My interest in health economics came about during my undergraduate studies in Stirling. My undergraduate thesis looked at the economics of prescription charging using Scottish Information Services Division (ISD), Prescription Cost Analysis (PCA) data.
In my MSc thesis I developed further my interest in health economics and investigated the impact that disability legislation has on employment outcomes for the elderly. This project really deepened my enthusiasm for the use of longitudinal datasets to investigate health and economic outcomes for different populations.
My PhD work provides a quantitative perspective on some of the costs associated with the ageing population in the UK with a particular focus on Scotland. My PhD is structured in three chapters. The first explores older persons use of health and social care services towards the end of life and attempts to determine the effects of time to death and age on health and care resource use. In the second chapter I investigate the effect that unpaid carers have on the use of helath and social care services by the person they are caring for. This chapter aims to establish whether informal and formal care are complements or substitutes. The final chapter of my PhD looks at the impact of inofrmal care on standard of living. My research utilises both survey and administrative data.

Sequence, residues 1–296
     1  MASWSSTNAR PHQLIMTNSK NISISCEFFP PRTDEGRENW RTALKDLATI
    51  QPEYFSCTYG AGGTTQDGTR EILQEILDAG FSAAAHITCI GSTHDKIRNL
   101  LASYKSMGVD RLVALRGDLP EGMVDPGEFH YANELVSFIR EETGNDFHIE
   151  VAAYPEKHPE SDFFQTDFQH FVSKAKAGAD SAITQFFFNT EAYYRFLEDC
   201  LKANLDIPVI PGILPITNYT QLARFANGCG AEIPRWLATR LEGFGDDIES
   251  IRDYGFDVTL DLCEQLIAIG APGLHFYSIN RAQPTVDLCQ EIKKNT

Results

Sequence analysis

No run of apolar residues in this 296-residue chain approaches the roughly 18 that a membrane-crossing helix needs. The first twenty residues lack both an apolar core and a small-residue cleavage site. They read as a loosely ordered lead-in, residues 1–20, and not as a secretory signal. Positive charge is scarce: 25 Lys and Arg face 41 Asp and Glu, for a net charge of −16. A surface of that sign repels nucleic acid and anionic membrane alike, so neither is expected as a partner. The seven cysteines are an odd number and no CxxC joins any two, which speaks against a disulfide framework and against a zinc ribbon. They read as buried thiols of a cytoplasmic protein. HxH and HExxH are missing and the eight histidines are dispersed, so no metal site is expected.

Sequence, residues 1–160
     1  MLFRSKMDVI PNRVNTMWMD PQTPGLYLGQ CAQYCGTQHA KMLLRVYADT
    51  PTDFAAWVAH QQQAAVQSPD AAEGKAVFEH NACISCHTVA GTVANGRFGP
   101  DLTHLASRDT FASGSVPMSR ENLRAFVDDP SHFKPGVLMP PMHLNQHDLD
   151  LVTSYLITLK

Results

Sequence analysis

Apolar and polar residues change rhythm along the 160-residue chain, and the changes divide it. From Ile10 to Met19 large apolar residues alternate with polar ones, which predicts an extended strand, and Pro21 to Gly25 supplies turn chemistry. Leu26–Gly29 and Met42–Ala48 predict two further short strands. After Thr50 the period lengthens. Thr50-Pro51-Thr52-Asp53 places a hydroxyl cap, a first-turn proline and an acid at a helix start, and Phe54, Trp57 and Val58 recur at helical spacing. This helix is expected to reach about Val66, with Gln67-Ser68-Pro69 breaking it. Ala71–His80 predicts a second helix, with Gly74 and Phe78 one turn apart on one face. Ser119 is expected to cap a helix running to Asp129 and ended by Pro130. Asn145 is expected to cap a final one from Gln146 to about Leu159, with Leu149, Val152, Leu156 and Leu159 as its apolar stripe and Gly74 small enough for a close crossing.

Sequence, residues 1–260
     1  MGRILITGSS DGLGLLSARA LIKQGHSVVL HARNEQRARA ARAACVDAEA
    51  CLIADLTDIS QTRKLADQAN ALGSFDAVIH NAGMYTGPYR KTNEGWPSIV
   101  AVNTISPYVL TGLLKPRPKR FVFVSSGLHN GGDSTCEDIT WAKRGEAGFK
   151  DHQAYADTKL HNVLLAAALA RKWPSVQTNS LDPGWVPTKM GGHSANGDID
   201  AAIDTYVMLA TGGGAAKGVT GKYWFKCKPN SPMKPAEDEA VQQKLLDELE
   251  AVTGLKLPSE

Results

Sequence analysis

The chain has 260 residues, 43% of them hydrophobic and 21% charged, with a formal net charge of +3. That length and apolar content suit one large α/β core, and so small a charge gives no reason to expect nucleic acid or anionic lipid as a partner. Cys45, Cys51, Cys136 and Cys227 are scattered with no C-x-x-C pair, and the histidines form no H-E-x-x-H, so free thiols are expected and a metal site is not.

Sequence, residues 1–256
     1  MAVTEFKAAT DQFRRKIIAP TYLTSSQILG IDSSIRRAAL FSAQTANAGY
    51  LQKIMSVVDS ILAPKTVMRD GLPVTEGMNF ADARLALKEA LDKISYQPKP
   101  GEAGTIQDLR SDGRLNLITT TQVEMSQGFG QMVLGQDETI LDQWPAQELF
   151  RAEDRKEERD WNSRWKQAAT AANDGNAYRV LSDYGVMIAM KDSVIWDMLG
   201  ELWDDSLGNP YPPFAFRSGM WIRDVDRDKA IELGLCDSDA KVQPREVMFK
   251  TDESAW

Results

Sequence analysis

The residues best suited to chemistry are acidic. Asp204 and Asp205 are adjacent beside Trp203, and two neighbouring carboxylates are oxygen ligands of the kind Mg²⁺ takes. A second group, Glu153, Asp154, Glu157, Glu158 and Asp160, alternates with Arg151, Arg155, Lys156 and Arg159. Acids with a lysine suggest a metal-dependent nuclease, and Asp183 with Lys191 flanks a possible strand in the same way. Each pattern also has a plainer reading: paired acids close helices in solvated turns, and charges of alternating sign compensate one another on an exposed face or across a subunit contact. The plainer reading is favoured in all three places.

To sum up my main research interests are: longitudinal economic analysis; health economics; the economics of ageing; the economics of social care; health and social care interactions.; unpaid carers.